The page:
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Logo of Phnom Penh Post newspaper Phnom Penh Post - Man about town: 27 September 2014

Man about town: 27 September 2014

Chief James Billie, chairman of the Seminole Indian tribe which owns Hard Rock International and the company’s global consortium of restaurants, hotels and casinos, was in town on Monday as part of a whistle-stop tour of the group’s regional outlets, together with Jim Allen, Hard Rock International’s chairman and CEO of Seminole Gaming, and Hamish Dodds, the president and CEO of Hard Rock International.

Jim Allen told reporter Nicky Sullivan that opening a casino in Cambodia could be on the cards. He said, “We’ve looked at different opportunities in Cambodia for gaming but one of the things we’ll continue to try to understand is the regulatory environment, and obviously the right location and what the government’s position is. Certainly we know the brand has done very well in other parts of Asia, particularly Macau… if there was a casino project then a hotel would be also part of the overall program.”

TV reports about Pakistani air passengers refusing to accept flight delays due to their airplane having to wait for the late arrival of alleged VIPs bought back fond memories of a Cambodian Angkor Airline flight to Siem Reap that was delayed due to an argument with an alleged bodyguard about bringing his gun on board.

Finally the bodyguard boarded and took his seat, 14A, next to me and he was fuming because he couldn’t bring his gun on board.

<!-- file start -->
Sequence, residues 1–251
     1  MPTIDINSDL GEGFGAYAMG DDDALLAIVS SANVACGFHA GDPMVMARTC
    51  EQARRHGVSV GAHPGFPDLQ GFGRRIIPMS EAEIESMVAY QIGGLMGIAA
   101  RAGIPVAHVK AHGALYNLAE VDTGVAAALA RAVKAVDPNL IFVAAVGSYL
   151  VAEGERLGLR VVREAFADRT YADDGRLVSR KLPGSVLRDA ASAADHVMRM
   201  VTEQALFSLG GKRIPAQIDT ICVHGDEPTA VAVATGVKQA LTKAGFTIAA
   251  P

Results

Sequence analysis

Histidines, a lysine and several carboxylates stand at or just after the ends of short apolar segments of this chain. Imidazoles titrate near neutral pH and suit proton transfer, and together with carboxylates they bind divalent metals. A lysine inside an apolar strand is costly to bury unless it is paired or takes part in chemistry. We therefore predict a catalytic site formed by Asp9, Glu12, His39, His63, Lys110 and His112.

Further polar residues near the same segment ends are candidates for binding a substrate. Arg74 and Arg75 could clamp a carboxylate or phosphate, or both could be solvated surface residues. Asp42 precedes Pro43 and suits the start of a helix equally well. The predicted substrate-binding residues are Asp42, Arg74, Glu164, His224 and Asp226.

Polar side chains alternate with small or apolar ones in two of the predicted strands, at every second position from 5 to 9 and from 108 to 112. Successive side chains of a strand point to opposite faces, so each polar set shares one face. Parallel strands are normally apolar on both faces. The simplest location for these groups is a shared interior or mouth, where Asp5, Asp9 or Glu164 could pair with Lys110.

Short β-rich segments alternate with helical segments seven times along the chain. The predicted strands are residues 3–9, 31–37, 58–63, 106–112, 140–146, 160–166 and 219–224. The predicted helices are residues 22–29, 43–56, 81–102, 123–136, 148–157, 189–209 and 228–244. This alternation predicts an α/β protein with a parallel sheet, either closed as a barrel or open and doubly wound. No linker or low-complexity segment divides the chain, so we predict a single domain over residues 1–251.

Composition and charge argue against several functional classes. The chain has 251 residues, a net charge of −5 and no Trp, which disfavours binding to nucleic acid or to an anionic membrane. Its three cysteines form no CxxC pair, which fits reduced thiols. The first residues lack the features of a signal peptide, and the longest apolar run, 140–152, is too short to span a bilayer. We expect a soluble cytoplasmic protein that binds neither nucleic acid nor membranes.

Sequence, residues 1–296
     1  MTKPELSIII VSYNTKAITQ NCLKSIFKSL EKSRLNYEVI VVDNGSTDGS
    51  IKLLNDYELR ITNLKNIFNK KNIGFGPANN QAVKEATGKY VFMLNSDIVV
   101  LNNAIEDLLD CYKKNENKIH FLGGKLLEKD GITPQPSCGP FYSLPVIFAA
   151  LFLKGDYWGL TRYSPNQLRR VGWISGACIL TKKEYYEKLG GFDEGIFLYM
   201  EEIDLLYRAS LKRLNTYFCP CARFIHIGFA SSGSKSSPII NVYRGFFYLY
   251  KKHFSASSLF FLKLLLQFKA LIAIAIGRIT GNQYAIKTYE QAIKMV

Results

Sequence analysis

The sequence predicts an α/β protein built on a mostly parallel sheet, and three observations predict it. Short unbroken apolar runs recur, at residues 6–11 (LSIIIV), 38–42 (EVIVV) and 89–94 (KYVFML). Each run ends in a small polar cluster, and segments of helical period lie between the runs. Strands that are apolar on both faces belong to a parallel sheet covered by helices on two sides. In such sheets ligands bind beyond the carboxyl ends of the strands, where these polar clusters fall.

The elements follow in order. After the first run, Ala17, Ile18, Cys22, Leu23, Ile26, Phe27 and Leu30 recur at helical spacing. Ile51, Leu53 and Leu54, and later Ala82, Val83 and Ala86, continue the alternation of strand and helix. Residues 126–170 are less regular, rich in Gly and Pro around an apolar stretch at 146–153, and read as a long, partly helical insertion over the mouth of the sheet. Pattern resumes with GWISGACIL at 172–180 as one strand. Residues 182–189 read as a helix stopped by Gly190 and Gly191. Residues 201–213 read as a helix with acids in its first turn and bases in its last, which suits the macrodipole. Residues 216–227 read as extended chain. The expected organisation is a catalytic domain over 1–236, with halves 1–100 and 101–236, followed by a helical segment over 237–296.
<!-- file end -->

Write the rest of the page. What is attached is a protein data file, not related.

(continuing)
I decided to bury my nose further in the book I was reading, which was coincidentally about the madness of Panamanian dictator Noriega and his band of bodyguards.

But 14A kept lightly punching me on my shoulder demanding my attention, so I gave him his due.

He informed me that he was a private bodyguard and would escort a VIP back to Phnom Penh the next morning at 5.20am. “I am very busy,” he said sadly while handing me his business card which stated that as well as being a bodyguard he was also a personal assistant and personal adviser as well as security researcher.

He lifted the bottom of his shirt to display a dramatic long scar which he said was the legacy of a gun battle at Kampot ten years ago.

He questioned me about my planned movements when the plane touched down in Siem Reap and when I said I’d be going straight home by tuk tuk, he first asked if he could get a ride with me in the tuk tuk and then asked if he could also stay at my house overnight.

I adroitly averted that notion and recommended a hotel that was on the way.

When we landed we had to stuff around for almost an hour while he did the paperwork to collect his gun – finally he was given two brown envelopes, one holding his “short gun,” as the writing on the envelope said, and the other holding bullets.

In the tuk tuk, he was obviously cheesed off about yet another gun-induced delay, so he took the gun out of the envelope, then the bullets, loaded the magazine and slammed it into his pistol and then tossed it on top of my hold-all bag which was perched precariously in the front of the tuk tuk.

I said, “Er, the gun, it might fall off,” so he grabbed it, then grabbed a little holster and stuck it on his belt.

During the ride downtown he regaled me with stories of his multiple wives, one a Danish drug addict, one a Khmer model, one a restaurant owner etc etc. Finally I off loaded him at a guest house promising faithfully that eternal friendship and bonding had occurred.

But I never saw him again.

Siem Reap already has a one-room hotel and now a new addition is the Three Room d’Angkor Boutique hotel, so named because it has only three suites. It also has a swimming pool which has privacy as its selling point due to the small number of rooms. Its restaurant also benefits from the small number of rooms – the PR spiel say the restaurant “offers the real Khmer taste cuisine; it is cooked freshly from our heart. We cook everything fresh picked, not using a stock at all. We can do this due to our property having only three rooms.”



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